Obama's Budget Aims At Re-Election, Not Political Suicide

President Obama returns to the White House from a budget-related photo op in Baltimore, Monday, Feb. 14, 2011. i i

hide captionPresident Obama returns to the White House from a budget-related photo op in Baltimore, Monday, Feb. 14, 2011.

Charles Dharapak/AP
President Obama returns to the White House from a budget-related photo op in Baltimore, Monday, Feb. 14, 2011.

President Obama returns to the White House from a budget-related photo op in Baltimore, Monday, Feb. 14, 2011.

Charles Dharapak/AP

A president's budget should always be read first as a political document and no more so than when that president is running for re-election.

So President Obama's goal was to practice the political version of the physician's Hippocratic Oath: First do no harm to your chances of winning a second term.

So while critics can accuse him of spending too much or cutting too little, Obama is aiming for the golden mean that lets him portray himself as both fiscally responsible and possessing what the first President Bush called the "vision thing." That's what Obama is going for with his calls for Americans to out-educate, out-innovate and out-build its economic competition, to have a Sputnik moment.

Some critics are disappointed the president didn't embrace his fiscal responsibility commission's recommendation to rein in Social Security and Medicare.

But proposing that money be cut from entitlement programs is definitely not something White House political consultants would typically recommend. So, not surprisingly, that didn't wind up in the president's budget.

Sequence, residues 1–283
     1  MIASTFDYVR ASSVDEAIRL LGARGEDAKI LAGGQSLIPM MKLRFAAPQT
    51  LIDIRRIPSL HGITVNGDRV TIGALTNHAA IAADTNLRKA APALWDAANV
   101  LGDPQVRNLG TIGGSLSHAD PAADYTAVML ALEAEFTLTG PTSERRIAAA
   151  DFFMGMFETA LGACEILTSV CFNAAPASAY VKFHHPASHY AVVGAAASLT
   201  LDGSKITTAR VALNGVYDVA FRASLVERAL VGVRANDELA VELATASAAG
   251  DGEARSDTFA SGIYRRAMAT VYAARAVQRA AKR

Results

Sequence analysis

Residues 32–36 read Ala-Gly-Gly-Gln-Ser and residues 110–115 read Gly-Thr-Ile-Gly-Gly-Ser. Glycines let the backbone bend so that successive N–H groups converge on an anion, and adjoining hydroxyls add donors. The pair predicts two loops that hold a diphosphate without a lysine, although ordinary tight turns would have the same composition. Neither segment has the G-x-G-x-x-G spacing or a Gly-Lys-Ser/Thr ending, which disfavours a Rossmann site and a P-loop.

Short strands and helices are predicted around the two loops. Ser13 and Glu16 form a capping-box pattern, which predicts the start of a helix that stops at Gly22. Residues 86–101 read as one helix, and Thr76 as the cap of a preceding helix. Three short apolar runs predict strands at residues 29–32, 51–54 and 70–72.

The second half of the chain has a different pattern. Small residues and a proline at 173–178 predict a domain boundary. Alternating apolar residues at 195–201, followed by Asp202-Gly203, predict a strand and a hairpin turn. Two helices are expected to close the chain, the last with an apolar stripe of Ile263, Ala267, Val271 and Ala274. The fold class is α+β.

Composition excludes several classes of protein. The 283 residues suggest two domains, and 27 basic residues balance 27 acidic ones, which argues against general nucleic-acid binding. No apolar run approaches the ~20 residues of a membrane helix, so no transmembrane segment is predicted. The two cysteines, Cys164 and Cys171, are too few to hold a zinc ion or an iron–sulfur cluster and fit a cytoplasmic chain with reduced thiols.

Again, a budget is meant to help a president contrast himself with the opposition. It's not a suicide pact.

Over at The Fiscal Times, Eric Piannin and Merrill Goozner laid out some of the political realities facing the president:

Despite pleas from members of his own deficit commission and other deficit hawks on Capitol Hill to address the long term structural deficit, the administration concluded there was no political upside to tackling tax and entitlement reform in his budget, giving Republicans and other administration critics an opportunity to go after him without putting down their own proposals for long-term deficit and debt.

Moreover, the administration would pay a huge political price for compromising on Social Security. Liberals and organized labor are already mounting a grass roots campaign to fight changes in eligibility, although they do support increasing the ceiling on wages subject to payroll taxes from the current $106,800 to $180,000, which the administration briefly considered after it was proposed by the fiscal commission.

Alice Rivlin, a member of the fiscal commission and a former Clinton administration budget director who had hoped for major proposals on entitlements and tax reform, said that Obama's decision to skirt those issues for now was a smart tactical move. "The history of the last two years is that everything the president is for, the Republicans immediately attack and say they're against–the clearest example being health care reform," she said. "So if you're working in that atmosphere, I think you have to figure out how am I going to get bipartisan cover."

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